Football: Orient finding comfort in safe keeping: Henry Winter watches two evenly matched promotion hopefuls share the points in a doughty Second Division duel

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The Independent Online
ONE OF the busiest corners of Brisbane Road is the physiotherapist's quarters. A notice pinned to his door reads '3 players only allowed in treatment room'. Such has been Orient's recent injury problems that one wag has added a '1' before the '3'.

The figure 13 may hint at a lack of luck but such is the O's positive approach, particularly on their exemplary home surface, where they remain unbeaten after 13 games, including Saturday's 0-0 draw with Hartlepool United, that the constant turnover of players - 23 this season - has not infringed their ambition to climb aboard the Football League's flagship.

Stoke City, seven points clear of the pack, are favourites to take the Second Division title, a feeling given further credence by their draw at Brighton on Saturday when Mark Stein confirmed his presence as the division's premier scorer. Stein's goals could decide the championship race - in October, Orient were within four minutes of victory at the Victoria Ground when Stein intervened twice.

With West Bromwich Albion rising to second by winning impressively against Bolton Wanderers, Orient dropped to third following the stalemate with Hartlepool, an industrious side who showed all the commitment that had seen off Crystal Palace in the FA Cup last weekend.

A tale of two keepers unfolded in the wind and cold at Leyton Stadium. Paul Heald, the 24- year-old Yorkshireman who replaced the experienced Chris Turner in Orient's goal in late November, has long showed promise and confirmed his reputation as one of the best young shot-stoppers in England with three expert saves in the space of a four-minute second-half spell when United threatened to force a way through.

Heald denied the visitors' two most eyecatching outfield players, Dean Emerson and Brian Honour, from long range, before diving bravely at the feet of the onrushing Paul Olsson. 'He made three fine saves,' said Turner, Orient's No 2 who was making his managerial debut in the absence of Peter Eustace, who had a bout of flu.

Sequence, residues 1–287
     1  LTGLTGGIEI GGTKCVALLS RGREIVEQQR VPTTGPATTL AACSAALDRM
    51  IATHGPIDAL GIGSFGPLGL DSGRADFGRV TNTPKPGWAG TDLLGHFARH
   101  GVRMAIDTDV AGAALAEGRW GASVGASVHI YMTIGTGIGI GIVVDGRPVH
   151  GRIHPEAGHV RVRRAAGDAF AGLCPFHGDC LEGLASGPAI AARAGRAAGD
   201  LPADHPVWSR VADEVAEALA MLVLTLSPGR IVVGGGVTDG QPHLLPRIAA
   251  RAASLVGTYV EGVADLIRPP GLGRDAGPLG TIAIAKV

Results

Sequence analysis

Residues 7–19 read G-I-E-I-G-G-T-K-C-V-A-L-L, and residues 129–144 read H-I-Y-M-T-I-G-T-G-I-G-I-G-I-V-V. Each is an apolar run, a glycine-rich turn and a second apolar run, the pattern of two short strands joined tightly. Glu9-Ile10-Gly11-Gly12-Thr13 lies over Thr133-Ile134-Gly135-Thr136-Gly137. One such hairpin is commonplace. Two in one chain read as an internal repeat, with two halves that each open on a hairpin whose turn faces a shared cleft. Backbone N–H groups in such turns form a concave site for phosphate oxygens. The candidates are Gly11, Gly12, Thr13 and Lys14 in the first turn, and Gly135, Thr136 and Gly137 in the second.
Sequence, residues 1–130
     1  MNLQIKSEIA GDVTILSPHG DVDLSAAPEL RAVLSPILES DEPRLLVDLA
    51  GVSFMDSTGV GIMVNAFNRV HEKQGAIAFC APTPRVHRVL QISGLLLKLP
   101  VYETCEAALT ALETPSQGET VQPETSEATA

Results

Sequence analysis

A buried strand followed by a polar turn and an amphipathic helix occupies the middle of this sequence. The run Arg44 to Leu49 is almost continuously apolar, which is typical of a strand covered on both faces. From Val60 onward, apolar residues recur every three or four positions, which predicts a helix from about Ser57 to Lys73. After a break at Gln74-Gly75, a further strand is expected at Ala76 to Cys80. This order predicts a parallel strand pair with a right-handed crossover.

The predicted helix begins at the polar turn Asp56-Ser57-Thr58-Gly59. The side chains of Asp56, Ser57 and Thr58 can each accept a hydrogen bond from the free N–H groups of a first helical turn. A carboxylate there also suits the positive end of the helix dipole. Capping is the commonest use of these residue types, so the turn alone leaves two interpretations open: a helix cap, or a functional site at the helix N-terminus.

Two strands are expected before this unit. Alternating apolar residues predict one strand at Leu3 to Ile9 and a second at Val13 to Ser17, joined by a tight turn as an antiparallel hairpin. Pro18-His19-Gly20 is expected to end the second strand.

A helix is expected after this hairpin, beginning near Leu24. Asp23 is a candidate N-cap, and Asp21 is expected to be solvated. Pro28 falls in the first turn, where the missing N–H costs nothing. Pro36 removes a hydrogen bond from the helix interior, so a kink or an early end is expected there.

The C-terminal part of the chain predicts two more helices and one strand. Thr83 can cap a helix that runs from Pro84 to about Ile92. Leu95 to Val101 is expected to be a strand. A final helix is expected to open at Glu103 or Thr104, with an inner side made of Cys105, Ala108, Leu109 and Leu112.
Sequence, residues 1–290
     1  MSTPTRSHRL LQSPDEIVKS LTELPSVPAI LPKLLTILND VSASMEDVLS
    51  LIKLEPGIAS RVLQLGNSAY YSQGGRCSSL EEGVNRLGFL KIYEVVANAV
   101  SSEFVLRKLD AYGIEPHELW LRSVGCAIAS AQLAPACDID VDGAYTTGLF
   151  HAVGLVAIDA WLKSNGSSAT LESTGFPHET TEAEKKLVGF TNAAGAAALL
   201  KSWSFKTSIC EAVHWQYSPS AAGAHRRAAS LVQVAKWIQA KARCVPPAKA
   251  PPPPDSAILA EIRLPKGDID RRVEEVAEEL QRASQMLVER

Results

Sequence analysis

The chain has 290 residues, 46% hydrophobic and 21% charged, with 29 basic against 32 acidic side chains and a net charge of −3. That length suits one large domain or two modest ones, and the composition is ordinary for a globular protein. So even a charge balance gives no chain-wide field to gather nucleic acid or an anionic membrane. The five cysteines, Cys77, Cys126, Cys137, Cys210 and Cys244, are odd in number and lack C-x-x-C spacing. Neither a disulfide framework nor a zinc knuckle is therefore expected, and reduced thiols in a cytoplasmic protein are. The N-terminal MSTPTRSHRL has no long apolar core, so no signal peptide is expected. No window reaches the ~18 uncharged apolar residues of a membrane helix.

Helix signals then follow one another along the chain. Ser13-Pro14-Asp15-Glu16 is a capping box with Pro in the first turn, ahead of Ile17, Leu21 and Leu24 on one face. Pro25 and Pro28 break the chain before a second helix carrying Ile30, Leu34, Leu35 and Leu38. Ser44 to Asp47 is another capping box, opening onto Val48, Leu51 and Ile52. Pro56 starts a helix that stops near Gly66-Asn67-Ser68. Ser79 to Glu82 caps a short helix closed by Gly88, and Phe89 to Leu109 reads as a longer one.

But the display of the day came from another goalkeeper. Frank Talia is a total unknown: the fourth choice at Blackburn Rovers, who have loaned him to Hartlepool. Talia is an agile Australian of Italian parentage. If his subsequent performances are as assured as his League debut at Brisbane Road, Kenny Dalglish has a real prospect on his books.

'He's very highly thought of at Blackburn,' Alan Murray, the Hartlepool manager, said. A crowd of 5,539 were quickly shown why, Talia thwarting Danny Carter after five minutes when the O's most purposeful midfielder had threatened to break United's net.

Talia's best moment came with 12 minutes left of an entertaining contest between two evenly matched promotion hopefuls. Ryan Cross, the Hartlepool full- back, brought down Carter, who had switched encouragingly to the left with the arrival of the influential Kenny Achampong.

Terry Howard stepped up confidently to take the penalty: it was low but poorly directed allowing Talia to drop to his right to push the ball out. The man from Melbourne threw himself forward to control the bouncing ball, received a whack on the head from Howard's outstretched boot, but still managed to save the day for Hartlepool.

Leyton Orient: Heald; Bellamy, Howard, Carter, Kitchen, Ludden, Taylor (Achampong, 68), Jones, Warren, Cooper, Harvey. Substitute not used: Benstock.

Hartlepool United: Talia; R Cross, P Cross, Gilchrist, MacPhail, Emerson, Johnrose, Olsson, Saville, Honour, Southall. Substitutes not used: Wratten, Gallacher.

Referee: P Vanes (West Midlands).

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